For many Windows 7 (and even some Windows 8 ) users switching over to a solid state disk, or SSD, comes after the OS has already been installed to a conventional drive. The adventure begins — but doesn’t end — with cloning the old HD to an SSD. That’s because although Windows 7 or 8 will happily set themselves up for best behavior with an SSD if you install them to an SSD to begin with, the same is not true when you start on a conventional HD and only later move from that drive to a solid state replacement.
This situation is particularly common for notebook or laptop PC owners who may — like me — choose to take whatever comes standard on such PCs that they buy from a vendor or reseller, only to install an SSD once the unit has been delivered, and the software and setup (and drivers) tweaked to where they really need to be. I do this because vendors and resellers tend to mark SSDs up by $50 or more from what you can purchase the same units from online e-tailers such as Newegg or Provantage (two very good online sources for rock-bottom SSD prices, particularly during their regular special promotions), and I suspect I’m not alone, either.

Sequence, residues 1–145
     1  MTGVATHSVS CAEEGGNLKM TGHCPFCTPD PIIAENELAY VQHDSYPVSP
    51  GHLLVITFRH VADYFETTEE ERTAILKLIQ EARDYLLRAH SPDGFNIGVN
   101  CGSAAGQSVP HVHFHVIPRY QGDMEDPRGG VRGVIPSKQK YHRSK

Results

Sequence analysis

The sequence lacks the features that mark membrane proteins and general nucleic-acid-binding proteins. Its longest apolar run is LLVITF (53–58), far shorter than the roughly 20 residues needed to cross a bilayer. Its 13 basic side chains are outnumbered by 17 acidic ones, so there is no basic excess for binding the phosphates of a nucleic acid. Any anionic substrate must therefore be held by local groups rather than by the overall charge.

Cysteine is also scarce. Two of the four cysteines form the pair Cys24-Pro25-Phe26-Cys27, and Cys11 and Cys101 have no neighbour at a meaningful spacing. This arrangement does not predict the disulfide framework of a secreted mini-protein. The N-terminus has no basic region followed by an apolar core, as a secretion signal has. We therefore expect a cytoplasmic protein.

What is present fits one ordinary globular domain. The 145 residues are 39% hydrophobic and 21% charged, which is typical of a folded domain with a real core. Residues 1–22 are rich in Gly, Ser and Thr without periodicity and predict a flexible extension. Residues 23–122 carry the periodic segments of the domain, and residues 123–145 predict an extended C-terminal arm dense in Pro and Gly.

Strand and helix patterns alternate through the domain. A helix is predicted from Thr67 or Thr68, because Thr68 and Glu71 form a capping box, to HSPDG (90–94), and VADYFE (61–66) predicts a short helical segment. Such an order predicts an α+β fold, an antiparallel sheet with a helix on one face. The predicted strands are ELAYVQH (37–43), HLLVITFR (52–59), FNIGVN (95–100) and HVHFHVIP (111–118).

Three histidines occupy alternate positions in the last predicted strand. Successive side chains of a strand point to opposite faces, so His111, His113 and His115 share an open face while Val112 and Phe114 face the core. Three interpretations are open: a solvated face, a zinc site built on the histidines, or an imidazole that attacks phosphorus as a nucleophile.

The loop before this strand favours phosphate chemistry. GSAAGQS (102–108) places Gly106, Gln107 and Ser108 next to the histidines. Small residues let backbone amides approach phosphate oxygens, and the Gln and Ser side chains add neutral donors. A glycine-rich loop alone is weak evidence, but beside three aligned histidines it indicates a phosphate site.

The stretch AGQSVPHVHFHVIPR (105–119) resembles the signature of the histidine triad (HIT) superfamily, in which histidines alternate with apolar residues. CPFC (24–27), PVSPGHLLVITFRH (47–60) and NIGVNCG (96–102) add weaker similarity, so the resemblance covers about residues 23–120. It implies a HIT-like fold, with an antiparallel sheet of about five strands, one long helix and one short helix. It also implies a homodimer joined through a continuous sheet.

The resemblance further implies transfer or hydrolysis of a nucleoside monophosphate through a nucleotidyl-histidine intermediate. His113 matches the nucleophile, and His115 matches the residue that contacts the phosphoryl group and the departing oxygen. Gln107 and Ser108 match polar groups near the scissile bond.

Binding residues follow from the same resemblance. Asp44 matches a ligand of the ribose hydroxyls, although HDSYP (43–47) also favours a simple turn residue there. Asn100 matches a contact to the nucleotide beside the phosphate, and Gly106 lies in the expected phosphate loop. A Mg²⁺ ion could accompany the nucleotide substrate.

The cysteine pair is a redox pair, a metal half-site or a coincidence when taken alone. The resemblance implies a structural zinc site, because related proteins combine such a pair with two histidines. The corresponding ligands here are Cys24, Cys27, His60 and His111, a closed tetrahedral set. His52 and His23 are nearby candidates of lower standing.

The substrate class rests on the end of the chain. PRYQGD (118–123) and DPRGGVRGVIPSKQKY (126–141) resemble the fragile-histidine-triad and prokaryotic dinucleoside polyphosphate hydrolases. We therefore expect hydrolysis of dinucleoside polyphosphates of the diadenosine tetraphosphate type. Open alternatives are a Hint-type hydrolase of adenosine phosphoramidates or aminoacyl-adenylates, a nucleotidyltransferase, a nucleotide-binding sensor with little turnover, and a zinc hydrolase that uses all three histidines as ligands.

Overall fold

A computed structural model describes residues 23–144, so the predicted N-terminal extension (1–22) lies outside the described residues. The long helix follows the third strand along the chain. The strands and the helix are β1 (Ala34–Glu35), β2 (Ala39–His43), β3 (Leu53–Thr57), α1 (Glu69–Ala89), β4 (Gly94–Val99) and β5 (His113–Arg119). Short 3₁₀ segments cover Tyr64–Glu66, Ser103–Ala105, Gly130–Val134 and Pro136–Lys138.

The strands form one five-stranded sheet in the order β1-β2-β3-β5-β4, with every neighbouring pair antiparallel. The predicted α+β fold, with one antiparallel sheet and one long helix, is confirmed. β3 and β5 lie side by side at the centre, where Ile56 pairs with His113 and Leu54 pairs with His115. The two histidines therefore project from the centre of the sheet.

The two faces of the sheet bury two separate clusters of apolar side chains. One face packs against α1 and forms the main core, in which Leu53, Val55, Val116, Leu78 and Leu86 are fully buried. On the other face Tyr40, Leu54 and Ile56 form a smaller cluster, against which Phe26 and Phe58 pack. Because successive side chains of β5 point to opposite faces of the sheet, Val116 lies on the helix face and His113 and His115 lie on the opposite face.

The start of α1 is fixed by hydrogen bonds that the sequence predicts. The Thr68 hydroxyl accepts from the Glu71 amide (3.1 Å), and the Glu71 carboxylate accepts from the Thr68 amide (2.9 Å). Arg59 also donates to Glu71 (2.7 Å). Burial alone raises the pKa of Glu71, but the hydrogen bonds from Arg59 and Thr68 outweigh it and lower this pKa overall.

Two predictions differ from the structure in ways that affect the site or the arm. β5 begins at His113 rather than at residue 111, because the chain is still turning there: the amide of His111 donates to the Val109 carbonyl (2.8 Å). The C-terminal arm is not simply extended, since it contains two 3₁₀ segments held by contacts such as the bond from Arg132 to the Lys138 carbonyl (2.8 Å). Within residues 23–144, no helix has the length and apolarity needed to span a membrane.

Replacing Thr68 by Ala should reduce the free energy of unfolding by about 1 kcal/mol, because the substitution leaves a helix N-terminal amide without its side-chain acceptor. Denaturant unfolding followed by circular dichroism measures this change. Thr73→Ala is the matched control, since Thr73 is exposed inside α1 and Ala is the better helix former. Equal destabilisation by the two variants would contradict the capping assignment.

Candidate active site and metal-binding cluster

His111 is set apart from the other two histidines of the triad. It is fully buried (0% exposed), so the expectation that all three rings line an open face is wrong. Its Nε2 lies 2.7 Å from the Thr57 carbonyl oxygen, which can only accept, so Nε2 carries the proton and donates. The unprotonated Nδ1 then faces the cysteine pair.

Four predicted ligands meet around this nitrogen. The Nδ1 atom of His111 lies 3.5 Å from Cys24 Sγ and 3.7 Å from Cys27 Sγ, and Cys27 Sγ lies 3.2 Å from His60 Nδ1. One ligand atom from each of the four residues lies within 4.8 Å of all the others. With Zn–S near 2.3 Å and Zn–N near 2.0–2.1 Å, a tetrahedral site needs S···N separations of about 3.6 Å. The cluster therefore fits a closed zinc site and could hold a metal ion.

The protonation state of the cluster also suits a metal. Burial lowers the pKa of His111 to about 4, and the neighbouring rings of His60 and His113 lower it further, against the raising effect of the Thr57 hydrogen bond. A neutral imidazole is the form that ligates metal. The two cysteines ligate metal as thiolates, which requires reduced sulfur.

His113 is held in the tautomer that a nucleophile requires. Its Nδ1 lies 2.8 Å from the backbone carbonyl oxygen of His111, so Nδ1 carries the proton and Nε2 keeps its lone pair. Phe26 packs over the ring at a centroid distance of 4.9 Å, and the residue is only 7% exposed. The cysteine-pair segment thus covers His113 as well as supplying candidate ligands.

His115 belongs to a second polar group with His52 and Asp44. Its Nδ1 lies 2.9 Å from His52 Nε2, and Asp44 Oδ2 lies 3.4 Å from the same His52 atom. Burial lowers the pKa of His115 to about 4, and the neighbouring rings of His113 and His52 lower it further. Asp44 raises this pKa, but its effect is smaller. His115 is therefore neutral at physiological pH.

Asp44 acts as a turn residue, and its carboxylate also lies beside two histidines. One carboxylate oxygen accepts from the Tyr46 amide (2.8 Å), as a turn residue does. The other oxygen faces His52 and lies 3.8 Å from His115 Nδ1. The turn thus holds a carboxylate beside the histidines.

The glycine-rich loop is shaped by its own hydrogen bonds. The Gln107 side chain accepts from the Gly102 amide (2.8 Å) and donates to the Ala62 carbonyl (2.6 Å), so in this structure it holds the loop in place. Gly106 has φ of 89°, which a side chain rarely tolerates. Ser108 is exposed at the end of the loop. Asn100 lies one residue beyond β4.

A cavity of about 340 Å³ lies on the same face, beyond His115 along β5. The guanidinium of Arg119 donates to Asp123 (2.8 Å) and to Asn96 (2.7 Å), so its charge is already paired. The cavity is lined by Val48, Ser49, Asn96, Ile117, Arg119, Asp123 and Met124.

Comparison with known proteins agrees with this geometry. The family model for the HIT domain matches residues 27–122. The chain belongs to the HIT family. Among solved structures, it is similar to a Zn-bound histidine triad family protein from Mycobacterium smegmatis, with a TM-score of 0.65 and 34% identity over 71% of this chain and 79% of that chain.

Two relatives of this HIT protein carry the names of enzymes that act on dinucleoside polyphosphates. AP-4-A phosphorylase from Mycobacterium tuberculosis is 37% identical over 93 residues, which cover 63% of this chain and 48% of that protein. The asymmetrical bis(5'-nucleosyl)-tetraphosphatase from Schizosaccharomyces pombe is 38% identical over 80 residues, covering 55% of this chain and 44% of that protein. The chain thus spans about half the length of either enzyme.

I am writing today to recommend two extremely good resources to help people switch over from an HD to an SSD (or to set up such a switch for their users at work). One is the “SSD Tweaks and Optimizations in Windows 7” tutorial at Windows SevenForums by member lightningltd. The other is a software package from Elpham.soft called SSD Tweaker (available in a more limited free edition and a $13 pro edition). These two items go together quite well, because the vast majority of what the tutorial explains how to do manually, one tweak at a time, in great and glorious detail (fascinating to a Windows geek like myself, perhaps less so to other less technically obsessed readers) the SSD Tweaker tool does automatically through a longish laundry list of settings and configuration checkboxes.
For those who’ve made the switch and haven’t followed up with painstaking optimization, or those who are contemplating or preparing to make the switch, these items are real nonpareils. Be sure to check them out, and use them when you can.